In what was already a difficult year economically for the village of Cazenovia, a National Grid request for a refund could impact village taxpayers.
"Along the same line, National Grid reported in December that they overpaid us for the Utility Gross Receipt Tax from December 2005 to September 2008," said Cazenovia Village Mayor Thomas Dougherty at a village board meeting last week. "They are requesting $23,781 be paid in full with appropriate interest."
Dougherty said that the refund would be hard on the budget.
"We budgeted $38,000 for Utility Gross Receipt Tax for 2008 to 2009," Dougherty said. "A 25-percent decrease in that budget line would cost the taxpayers an additional $9,500."
Before any action is taken, the board is waiting for the recommendation of the New York Conference of Mayors. NYCOM has been contacted by several member cities and villages that have also been contacted by National Grid with similar requests.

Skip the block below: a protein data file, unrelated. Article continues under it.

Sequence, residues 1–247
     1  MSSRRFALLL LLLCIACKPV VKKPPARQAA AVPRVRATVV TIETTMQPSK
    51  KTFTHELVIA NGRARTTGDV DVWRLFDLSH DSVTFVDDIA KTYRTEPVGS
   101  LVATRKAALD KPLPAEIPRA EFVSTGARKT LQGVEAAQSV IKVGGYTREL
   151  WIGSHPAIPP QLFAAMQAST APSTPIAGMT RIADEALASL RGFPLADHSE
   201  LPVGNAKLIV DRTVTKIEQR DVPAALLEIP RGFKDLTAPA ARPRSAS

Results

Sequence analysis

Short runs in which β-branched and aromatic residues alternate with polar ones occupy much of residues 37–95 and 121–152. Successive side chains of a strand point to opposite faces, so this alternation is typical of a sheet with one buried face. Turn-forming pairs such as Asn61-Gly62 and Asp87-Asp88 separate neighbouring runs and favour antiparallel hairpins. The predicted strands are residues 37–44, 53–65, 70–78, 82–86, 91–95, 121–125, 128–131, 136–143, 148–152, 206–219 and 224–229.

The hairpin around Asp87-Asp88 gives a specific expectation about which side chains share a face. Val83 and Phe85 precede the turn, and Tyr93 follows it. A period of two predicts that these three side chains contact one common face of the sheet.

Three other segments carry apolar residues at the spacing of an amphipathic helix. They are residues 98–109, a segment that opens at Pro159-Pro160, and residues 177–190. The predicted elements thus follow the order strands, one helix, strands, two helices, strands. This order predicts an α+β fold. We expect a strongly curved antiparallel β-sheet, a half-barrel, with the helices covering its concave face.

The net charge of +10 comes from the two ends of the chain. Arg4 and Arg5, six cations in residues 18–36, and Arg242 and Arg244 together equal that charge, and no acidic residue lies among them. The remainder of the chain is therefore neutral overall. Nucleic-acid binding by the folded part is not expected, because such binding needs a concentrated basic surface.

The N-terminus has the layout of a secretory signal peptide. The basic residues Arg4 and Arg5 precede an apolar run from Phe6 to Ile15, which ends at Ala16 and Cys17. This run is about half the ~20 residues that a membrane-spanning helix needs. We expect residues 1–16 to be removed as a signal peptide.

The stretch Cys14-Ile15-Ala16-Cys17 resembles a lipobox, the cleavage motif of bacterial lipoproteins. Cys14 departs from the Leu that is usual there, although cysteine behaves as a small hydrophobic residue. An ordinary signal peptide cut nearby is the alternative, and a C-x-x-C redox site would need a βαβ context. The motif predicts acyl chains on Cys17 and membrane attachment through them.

Peter A. Baynes, NYCOM executive director, wrote to mayors, managers, administrators and fiscal officers explaining that National Grid claims "they mistakenly paid the tax on services that did not originate within the boundaries of the municipality."
NYCOM is working with the Public Service Commission to verify whether the claim is valid, if a refund can be demanded and if interest can be charged (and at what rate). NYCOM advised its members to not make payment until they resolved these issues.
Dougherty also announced last week that the 2008-09 budget is currently $15,885 dollars behind last year's revenues, a decrease of 5 percent.
"By the end of the budget year, we could be minus $30,000 in revenues," Dougherty said.
Cazenovia resident Bob Lucas commented on the importance of keeping tax revenue in Cazenovia.
"The key thing is, people don't realize the county ends at the end of the lake," Lucas said.
Lucas said he wants residents to realize that if they spend money in Fayetteville and Manlius, the money does not help their community.
Dougherty expressed a similar sentiment.
"If you spend money out of Madison County, it's gone," he said.
The village is working on several projects meant to improve the area and stimulate the economy, but in the short term, spending is of great concern.
"Times are tight, and we definitely need to mind our spending in these trying times," Dougherty said.